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Appendix D of the 3.2 version of the CUDA documentation refers to C++ support in CUDA device code.
It is clearly mentioned that CUDA supports "Classes for devices of compute capability 2.x". However, I'm working with devices of compute capability 1.1 and 1.3 and I can use this feature!

For instance, this code works:

// class definition voluntary simplified
class Foo {
  private:
    int x_;

  public:
    __device__ Foo() { x_ = 42; }
    __device__ void bar() { return x_; }
};


//kernel using the previous class
__global__ void testKernel(uint32_t* ddata) {
    Foo f;
    ddata[threadIdx.x] = f.bar(); 
}

I'm also able to use widespread libraries such as Thrust::random random generation classes. My only guess is that I'm able to do so thanks to the automatic inlining of __device__ marked function, but this does not explain the handling of member variables withal.

Have you ever used such features in the same conditions, or can you explain to me why my CUDA code behaves this way? Is there something wrong in the reference guide?

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2 Answers 2

up vote 10 down vote accepted

Oficially, CUDA has no support for classes on devices prior to 2.0.

Practically, from my experience, you can use all C++ features on all devices as long as the functionality can be resolved at compile-time. Devices prior to 2.0 do not support function calls (all functions are inlined) and no program jumps to a variable address (only jumps at constant address).

This means, you can use the following C++ constructs:

  • Visibility (public/protected/private)
  • non-virtual inheritance
  • whole template programming and metaprogramming (until you stuble on nvcc bugs; there are quite a few of them as of version 3.2)
  • constructors (except when object is declared in __ shared __ memory)
  • namespaces

You cannot use the following:

  • new & delete operators (I believe devices >=2.0 can do that)
  • virtual methods (requires jumps at variable address)
  • function recursion (requires function calls)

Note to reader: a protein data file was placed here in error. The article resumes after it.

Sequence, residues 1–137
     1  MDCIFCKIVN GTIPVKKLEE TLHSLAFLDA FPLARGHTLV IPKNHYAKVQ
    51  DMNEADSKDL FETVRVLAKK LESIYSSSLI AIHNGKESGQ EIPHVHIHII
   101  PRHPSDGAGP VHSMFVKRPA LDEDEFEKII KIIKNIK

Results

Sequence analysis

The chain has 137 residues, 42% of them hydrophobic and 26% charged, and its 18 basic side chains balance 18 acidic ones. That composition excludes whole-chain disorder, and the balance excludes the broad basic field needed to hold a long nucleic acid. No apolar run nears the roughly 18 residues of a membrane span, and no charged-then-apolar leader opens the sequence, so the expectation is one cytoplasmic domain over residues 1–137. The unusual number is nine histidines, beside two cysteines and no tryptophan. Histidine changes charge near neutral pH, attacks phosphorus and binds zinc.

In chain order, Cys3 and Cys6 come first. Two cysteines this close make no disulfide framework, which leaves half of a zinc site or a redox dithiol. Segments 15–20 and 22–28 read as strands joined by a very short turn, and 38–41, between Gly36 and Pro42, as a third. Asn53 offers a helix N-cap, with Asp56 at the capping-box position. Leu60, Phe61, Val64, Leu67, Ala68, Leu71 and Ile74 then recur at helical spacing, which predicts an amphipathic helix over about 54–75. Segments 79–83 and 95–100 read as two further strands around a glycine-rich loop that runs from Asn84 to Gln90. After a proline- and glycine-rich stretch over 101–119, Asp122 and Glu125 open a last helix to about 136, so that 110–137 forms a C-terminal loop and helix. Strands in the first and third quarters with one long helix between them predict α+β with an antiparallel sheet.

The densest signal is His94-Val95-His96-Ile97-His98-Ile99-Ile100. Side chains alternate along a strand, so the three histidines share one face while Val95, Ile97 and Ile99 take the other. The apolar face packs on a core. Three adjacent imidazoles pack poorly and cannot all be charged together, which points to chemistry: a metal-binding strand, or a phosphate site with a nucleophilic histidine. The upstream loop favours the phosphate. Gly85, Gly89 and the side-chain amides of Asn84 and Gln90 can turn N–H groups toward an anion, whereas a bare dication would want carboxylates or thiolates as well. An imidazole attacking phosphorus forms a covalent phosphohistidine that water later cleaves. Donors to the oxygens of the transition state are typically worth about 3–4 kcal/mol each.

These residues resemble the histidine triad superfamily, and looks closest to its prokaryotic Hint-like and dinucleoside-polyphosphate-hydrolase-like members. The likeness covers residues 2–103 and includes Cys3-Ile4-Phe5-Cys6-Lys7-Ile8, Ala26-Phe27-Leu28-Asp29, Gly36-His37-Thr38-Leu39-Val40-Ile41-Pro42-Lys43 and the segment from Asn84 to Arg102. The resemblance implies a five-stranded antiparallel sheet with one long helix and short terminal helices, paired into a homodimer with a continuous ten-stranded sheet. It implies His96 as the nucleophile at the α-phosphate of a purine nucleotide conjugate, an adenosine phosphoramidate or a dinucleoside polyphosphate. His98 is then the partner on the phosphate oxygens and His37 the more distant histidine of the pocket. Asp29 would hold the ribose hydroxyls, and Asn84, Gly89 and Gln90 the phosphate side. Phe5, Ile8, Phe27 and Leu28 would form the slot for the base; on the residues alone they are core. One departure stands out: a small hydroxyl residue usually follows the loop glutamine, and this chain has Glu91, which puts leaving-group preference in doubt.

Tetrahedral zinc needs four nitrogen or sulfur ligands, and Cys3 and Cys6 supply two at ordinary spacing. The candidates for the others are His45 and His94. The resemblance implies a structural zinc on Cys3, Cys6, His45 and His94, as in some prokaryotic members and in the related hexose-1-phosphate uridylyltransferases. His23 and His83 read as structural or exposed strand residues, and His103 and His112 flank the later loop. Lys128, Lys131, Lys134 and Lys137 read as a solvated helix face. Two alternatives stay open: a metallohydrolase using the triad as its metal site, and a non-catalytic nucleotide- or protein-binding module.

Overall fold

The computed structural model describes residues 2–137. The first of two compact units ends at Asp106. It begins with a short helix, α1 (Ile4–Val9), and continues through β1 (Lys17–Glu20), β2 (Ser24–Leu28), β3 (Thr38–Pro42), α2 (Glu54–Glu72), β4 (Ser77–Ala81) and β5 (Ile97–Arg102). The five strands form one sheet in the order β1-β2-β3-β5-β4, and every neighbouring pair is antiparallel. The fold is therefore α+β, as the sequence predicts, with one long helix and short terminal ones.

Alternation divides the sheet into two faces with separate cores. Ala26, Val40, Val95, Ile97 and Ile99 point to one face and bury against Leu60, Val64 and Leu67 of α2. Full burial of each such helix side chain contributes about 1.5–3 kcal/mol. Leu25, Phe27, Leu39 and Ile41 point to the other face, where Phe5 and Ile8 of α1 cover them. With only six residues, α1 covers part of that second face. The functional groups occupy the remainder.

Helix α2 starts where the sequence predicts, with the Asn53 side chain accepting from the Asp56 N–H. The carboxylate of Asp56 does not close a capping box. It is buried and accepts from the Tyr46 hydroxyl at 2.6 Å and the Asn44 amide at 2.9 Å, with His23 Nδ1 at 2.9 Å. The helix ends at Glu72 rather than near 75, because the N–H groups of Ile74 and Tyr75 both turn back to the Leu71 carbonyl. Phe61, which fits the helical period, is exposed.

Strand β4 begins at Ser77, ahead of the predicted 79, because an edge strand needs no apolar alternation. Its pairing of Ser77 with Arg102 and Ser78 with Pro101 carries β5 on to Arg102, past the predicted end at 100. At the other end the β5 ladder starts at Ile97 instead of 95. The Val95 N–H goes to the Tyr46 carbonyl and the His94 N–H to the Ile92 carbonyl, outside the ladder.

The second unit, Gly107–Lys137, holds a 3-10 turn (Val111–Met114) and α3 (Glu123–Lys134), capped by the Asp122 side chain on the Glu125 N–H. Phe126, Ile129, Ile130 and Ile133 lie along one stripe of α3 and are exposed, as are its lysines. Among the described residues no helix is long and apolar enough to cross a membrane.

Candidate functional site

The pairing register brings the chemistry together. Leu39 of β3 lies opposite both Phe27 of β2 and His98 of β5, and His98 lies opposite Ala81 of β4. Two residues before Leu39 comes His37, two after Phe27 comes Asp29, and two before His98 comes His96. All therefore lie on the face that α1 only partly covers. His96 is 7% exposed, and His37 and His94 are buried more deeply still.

• exceptions

Actually, all examples in chapter D.6 of the CUDA Programming Guide can compile for devices <2.0

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Your answer brings interesting points concerning limitations. The compile-time necessity seems to be the point to take into consideration when working with devices of compute capability < 2.X. –  jopasserat Mar 1 '11 at 9:19
    
Having investigated the problem, I can't (and won't probably) find any better answer than yours. Thus, I rely on your experience :) Anyway, I now own a C2050 \o/ so I can compare my executions to make sure my code remains portable. Thank you for your answer @CygnusX1 –  jopasserat Jun 16 '11 at 12:48

Some C++ class functionality will work, however the Programming Guide is basically saying that it's not fully supported and therefore not all C++ class functionality will work. If you can do what you're looking to do then you should go ahead!

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Alright but I need to know exactly what will work. I intend to use these features in a library so I can't rely on them if they are unsafe. We could easily imagine that this code would wreak havoc in some circumstances. What I really need is the exact frontier between what I should do or not. –  jopasserat Feb 6 '11 at 10:52

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